This is just one of the reasons why we have developed our two executive education programs, Managing Anxiety and Stress in Leadership Roles and The Leader’s Journey. To support those in leadership roles to handle the stress and pressure of today’s business environment. Find out more about them below.
Leaders need courage to understand themselves, what their personal values are and how they fit with those of their team members and their organisation. It takes courage to determine and accept one’s weaknesses. Self-awareness and deeply held beliefs are essential elements of courage, the very essence of leadership.
Starting with the publication of Daniel Goleman’s book on this subject in 1995, Emotional Intelligence has become one of the trendy concepts in the business world. When the Harvard Business Review published an article on this topic in 1998, it became one of the most popular articles read and reprinted by the publication in the last 40 years.
S. Sherman considers that there are three main forces that forge an organisation’s behaviour: rules, mores, and personal integrity. He suggests thinking of this triad as three circles that partially overlap (see Fig. 1). At the centre, the three elements are impossible to differentiate from one another.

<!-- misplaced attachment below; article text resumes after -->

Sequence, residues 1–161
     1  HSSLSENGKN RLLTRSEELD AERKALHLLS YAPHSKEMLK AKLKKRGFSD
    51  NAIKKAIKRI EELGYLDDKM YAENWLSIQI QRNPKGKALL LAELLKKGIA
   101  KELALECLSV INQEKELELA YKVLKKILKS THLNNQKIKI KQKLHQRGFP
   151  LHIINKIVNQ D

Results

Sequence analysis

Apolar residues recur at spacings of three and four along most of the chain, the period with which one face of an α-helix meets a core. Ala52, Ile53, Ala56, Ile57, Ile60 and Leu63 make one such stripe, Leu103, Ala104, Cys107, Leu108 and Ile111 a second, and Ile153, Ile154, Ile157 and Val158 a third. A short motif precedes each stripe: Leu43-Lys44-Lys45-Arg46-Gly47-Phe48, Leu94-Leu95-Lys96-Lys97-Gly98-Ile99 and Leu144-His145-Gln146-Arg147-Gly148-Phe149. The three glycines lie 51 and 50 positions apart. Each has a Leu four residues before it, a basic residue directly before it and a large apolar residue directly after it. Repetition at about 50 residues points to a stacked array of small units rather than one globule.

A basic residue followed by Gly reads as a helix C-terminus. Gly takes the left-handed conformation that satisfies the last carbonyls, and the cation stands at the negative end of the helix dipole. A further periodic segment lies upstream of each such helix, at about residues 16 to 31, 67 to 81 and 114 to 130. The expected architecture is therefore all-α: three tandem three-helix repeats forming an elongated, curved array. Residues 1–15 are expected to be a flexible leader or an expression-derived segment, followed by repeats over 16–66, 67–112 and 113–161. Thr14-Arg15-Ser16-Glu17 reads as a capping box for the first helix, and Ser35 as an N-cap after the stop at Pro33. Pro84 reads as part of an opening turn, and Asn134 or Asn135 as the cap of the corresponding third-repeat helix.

The idea that you can have both character and success as a leader is still considered by many in the business world to be of secondary importance because character cannot, apparently, be quantified into financial results.
My last article about happiness emphasizes the fact that many of us measure success simply by how happy we are most of the time. How others see our success (and I mean here „ours” in general not related to me or my colleagues), is a different story. How the current (mainly Western) society measures success at large, that’s another story too.